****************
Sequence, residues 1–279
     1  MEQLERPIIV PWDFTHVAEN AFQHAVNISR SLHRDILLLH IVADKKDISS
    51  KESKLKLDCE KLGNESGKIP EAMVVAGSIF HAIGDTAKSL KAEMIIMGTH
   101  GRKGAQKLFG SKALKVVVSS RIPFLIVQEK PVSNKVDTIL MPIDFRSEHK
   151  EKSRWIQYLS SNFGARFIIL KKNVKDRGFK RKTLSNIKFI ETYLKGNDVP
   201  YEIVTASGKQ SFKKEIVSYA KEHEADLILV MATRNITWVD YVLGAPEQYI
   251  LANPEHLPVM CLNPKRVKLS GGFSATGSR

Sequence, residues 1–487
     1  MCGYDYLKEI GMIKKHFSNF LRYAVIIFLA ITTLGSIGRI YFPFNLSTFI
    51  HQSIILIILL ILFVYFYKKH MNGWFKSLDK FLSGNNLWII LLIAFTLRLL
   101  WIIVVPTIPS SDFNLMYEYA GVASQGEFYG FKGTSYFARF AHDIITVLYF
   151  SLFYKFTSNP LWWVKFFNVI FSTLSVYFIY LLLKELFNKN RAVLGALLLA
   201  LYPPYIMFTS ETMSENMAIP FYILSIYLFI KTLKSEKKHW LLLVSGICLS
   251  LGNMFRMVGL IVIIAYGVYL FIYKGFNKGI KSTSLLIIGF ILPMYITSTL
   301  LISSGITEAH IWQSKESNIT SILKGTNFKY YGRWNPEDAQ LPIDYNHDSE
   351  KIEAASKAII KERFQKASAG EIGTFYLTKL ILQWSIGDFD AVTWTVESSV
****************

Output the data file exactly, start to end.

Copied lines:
Sequence, residues 1–279
     1  MEQLERPIIV PWDFTHVAEN AFQHAVNISR SLHRDILLLH IVADKKDISS
    51  KESKLKLDCE KLGNESGKIP EAMVVAGSIF HAIGDTAKSL KAEMIIMGTH
   101  GRKGAQKLFG SKALKVVVSS RIPFLIVQEK PVSNKVDTIL MPIDFRSEHK
   151  EKSRWIQYLS SNFGARFIIL KKNVKDRGFK RKTLSNIKFI ETYLKGNDVP
   201  YEIVTASGKQ SFKKEIVSYA KEHEADLILV MATRNITWVD YVLGAPEQYI
   251  LANPEHLPVM CLNPKRVKLS GGFSATGSR

Sequence, residues 1–487
     1  MCGYDYLKEI GMIKKHFSNF LRYAVIIFLA ITTLGSIGRI YFPFNLSTFI
    51  HQSIILIILL ILFVYFYKKH MNGWFKSLDK FLSGNNLWII LLIAFTLRLL
   101  WIIVVPTIPS SDFNLMYEYA GVASQGEFYG FKGTSYFARF AHDIITVLYF
   151  SLFYKFTSNP LWWVKFFNVI FSTLSVYFIY LLLKELFNKN RAVLGALLLA
   201  LYPPYIMFTS ETMSENMAIP FYILSIYLFI KTLKSEKKHW LLLVSGICLS
   251  LGNMFRMVGL IVIIAYGVYL FIYKGFNKGI KSTSLLIIGF ILPMYITSTL
   301  LISSGITEAH IWQSKESNIT SILKGTNFKY YGRWNPEDAQ LPIDYNHDSE
   351  KIEAASKAII KERFQKASAG EIGTFYLTKL ILQWSIGDFD AVTWTVESSV